There are many ways in which we can convey meaning within our writing, figurative language uses words to deviate from their literal interpretation to achieve either a powerful effect, or a subtle nuanced one. Writers use techniques such as metaphors to create powerful imagery with in their settings, adding depth and substance, whilst playing with the sound and flow of the words.
What’s the most common method of figurative language you use in your writing? And what would you like to explore more of? Share your preferred writing style with me, you know I love hearing from you.
Thanks for stopping by, until next time, Much Love.
What should we do when life reveals itself as a broken fairy-tale? Unlike a fantasy novel, there is no white knight to save us. The first step is realization: Our world is what we make it.
How do you create your best life? How do you discover your life’s purpose?
Follow these simple rules:
Do the things that ignite your passion,
Dare to dream,
Become the person you aspire to be
And most importantly, take the steps to achieve those goals.
As writers we know how to hold on the vision; no one else is going to plot, draft or edit our stories. Everyday we create something new; pen to paper, fingers tapping at the key board. Over time, we hold something more than just a finished story in our hands, we gain experience, build a writing community and build upon our social media platforms.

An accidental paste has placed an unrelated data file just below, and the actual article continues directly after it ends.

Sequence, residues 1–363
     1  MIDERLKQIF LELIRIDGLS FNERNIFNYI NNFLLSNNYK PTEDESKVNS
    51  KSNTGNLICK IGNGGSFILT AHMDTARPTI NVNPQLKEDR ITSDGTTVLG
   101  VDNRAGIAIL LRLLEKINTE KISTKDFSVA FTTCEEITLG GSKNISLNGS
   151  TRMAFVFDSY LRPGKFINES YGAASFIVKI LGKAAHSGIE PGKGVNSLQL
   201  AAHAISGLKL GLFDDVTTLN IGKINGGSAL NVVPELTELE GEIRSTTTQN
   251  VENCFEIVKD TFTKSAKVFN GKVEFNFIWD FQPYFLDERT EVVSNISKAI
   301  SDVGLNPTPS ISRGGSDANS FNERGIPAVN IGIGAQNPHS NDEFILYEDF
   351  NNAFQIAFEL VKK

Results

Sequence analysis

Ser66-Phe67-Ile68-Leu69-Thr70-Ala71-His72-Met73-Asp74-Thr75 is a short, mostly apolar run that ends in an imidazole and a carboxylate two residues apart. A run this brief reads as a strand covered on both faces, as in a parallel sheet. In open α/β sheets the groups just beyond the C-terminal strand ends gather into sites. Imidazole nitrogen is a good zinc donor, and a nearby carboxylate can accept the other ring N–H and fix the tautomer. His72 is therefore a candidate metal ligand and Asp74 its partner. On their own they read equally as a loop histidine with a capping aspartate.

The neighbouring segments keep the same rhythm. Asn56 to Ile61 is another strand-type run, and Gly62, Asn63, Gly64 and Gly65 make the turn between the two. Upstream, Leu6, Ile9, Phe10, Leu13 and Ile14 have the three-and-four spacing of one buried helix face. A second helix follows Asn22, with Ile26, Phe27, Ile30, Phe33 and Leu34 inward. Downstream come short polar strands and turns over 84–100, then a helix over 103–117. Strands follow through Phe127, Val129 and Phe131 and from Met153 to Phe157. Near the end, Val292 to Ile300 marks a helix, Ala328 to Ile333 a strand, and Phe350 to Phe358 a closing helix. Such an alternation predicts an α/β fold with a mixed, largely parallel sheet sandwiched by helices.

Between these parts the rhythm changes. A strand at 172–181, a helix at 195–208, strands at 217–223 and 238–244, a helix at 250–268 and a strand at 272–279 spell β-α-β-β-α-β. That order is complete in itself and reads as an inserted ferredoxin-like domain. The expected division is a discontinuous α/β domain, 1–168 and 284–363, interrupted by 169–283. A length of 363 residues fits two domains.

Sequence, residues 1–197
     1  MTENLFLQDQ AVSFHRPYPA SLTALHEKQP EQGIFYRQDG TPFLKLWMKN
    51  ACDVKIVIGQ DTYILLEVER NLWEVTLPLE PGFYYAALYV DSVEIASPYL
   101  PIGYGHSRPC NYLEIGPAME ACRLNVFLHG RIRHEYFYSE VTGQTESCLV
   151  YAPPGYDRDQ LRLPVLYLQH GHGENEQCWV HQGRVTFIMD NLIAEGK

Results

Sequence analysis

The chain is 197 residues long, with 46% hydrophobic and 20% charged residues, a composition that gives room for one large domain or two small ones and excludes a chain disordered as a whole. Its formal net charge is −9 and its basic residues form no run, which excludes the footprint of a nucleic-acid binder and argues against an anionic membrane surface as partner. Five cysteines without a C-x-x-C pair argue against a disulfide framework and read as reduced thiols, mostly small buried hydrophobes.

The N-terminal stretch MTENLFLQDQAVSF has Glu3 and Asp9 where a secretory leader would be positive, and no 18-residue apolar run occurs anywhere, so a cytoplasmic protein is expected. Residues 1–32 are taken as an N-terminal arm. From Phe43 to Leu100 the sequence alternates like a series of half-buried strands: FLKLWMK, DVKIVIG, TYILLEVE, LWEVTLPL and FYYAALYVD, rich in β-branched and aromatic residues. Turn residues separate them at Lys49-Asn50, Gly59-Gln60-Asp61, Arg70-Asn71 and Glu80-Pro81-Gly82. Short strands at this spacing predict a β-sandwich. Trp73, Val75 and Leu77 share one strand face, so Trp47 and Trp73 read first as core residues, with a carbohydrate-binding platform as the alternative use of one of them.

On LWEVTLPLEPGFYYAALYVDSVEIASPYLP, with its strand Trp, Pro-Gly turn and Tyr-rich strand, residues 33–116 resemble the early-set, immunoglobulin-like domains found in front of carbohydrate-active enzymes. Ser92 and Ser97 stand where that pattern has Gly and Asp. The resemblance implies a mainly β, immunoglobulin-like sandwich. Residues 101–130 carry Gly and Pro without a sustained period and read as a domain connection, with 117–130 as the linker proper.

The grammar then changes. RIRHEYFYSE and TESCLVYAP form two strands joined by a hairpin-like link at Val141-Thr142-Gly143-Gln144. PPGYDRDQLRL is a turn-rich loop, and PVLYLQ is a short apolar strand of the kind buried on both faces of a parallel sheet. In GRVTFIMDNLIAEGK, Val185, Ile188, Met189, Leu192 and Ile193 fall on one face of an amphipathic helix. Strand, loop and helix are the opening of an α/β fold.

We are the ultimate creators of our reality, each word, each rejection, each new connection or failed attempt only brings us closer to the place we all want to reach – to have readers fall in love with our words; to experience something profound or moving, to feel a sense of kinship to the trial and tribulations our characters journey through, to escape and pleasure in our fictional worlds.
The last thing any creative wants, is to experience a burnout: Writers block. Our imagination and determination dries up, causing our writing to come to a grinding halt. We need to listen to our mind and bodies, to slow down when things get tough. The last thing we need is to exasperate the problem, making the journey to getting back on track even harder.
I’ve had my share of falling down the rabbit hole of procrastination, of not paying attention to self-care and letting stress take its toll. After the exuberance of the Christmas holidays and the celebrations of a new year, I’ve struggled to slip back into my old writing habits. In search of some much needed motivation, I stumbled across this enlightening YouTube clip.
We know that daily writing goals and being proactive creates a great forwards momentum for our novels. Yet putting that into practice can sometimes feel like a mountain to overcome and before we know it, writing has turned from a wonderful pastime, into a herculean beast that we can’t face. Then even if we find time to write, procrastination takes over. Suddenly, writing time has evaporated into a missed opportunity.
Today I’m sharing my productivity tips in the hopes that they resonate with you: Let’s do this!!!
Set intentions There’s no point in half-heartedly thinking; I’ll try to write today. No. Make it a definite intention: A promise to yourself. And keep it. I set mine the night before, listing the top 3 things I intend to achieve the next day and allocate the time for those things to happen.